One of our readers and coworkers, Veronica came to me last week. She’s also a fellow artist, a poet and a vocalist. To accommodate a growing team at our office, her smaller team had been moved to a windowless room we call the ‘dungeon’. Without outside light or windows, she was feeling kind of claustrophobic and down in the dumps. She visited me at my desk last week rationalizing if she should leave and wondering why after all these years she still at the same job. I explained to her how things played out for me over the past few years and the reason things happened the way they did.
When I think about how things fell in place for me, I get the picture of one of those convoluted mouse traps from the old Bugs Bunny cartoons, or better yet the invention Pee Wee Herman used to make his breakfast in Pee Wee’s Big Adventure. No I’m not rambling, I’ve got a point here. If you can picture either one in your mind, the boot kicks the marble, which falls on the dominoes which set off a whole chain reaction of events which gets you to the desired end result. The same thing sort of happened for me, but in real world terms.
I was working for a big box craft store, I won’t say which, but I’ll never set foot in that dang store again. Anyway, I was there from the ground floor, hired to set up the store; building displays, shelving, and all that jazz. We were working seven days a week, twelve hour days getting this store ready for the opening. In the meantime I was also working my part time cleaning job, which was only like 3-4 hours every other day. I put it in my mind that I wanted to work the front end, cash registers, customer service, all that. As it got closer to opening, my other coworkers are getting in their heads where they want to be when the store opens. A wonderful woman, Carla, who was a vet with the company heard about what I wanted to do and took me under her wing. She trained me in how to run the front of the store in a management position and I in turn trained everyone else in the store on how to run registers.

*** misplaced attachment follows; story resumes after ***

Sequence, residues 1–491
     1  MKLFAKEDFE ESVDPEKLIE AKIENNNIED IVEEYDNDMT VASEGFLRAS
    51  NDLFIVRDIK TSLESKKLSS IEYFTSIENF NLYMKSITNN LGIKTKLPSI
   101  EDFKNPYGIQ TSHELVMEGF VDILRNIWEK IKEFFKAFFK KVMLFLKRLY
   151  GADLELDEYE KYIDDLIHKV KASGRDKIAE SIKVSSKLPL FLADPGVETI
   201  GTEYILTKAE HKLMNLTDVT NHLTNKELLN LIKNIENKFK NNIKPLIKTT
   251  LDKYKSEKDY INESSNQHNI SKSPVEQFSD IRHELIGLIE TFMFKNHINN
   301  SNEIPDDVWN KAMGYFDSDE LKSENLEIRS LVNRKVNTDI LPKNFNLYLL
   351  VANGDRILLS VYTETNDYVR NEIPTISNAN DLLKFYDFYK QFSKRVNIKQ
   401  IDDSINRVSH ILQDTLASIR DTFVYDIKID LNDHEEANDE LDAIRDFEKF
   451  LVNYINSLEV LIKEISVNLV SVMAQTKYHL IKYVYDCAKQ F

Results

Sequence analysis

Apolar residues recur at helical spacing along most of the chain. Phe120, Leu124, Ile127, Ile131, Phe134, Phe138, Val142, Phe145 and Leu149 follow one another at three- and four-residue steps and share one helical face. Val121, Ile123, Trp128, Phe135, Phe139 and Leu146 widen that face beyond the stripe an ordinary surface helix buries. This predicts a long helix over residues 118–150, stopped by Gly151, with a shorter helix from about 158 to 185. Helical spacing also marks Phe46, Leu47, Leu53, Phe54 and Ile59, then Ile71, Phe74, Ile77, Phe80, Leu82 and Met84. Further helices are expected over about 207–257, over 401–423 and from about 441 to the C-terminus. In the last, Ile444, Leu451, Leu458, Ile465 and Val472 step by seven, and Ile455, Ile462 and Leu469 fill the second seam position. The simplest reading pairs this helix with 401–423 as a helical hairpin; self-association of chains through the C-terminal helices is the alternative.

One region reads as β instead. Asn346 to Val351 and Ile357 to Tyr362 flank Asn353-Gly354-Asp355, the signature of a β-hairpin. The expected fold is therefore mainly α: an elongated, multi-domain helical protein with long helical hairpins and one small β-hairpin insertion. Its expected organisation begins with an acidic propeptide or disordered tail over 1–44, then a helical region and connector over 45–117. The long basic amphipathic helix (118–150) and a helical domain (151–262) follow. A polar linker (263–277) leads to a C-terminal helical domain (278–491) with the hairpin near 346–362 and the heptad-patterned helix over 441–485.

The store opens and I’m unofficially in this supervisory position. Things are busy in the first few few weeks and the hours are plentiful. As the hype of the opening dies down, the store manager pairs me with a coworker who will be working alongside me. I teach her what Carla taught me and as the weeks go on, I see my work hours dwindle and hers stay at the same forty plus hours. I’m kind of upset about it and I talk to my friend who’s also in a supervisory position. She’s now an assistant manager and she tells me to hang in there. We both know the boss is a jerk; he’s the type to belittle an underling in front of the whole team. He was known for leaving some of the women employees in tears after a tongue lashing. She tells me to go the extra mile and show him that I’m worthy of the job. I follow her advice, even coming in on a Sunday, the day the store is closed. Hint, Hint ; )
A few weeks later he replaces the other supervisor I trained with another woman and my hours continue to dwindle under twenty hours a week. I’m the type to not think the worst of people or situations until its staring me in the face. I’m the only one of my persuasion working at the store and I’m watching everyone around me move up the food chain. Feeling used and abused, I decide its time to go somewhere else and I can’t just up and quit. This is Michigan and if you’ve got a job you’d better not leave one until you find another one.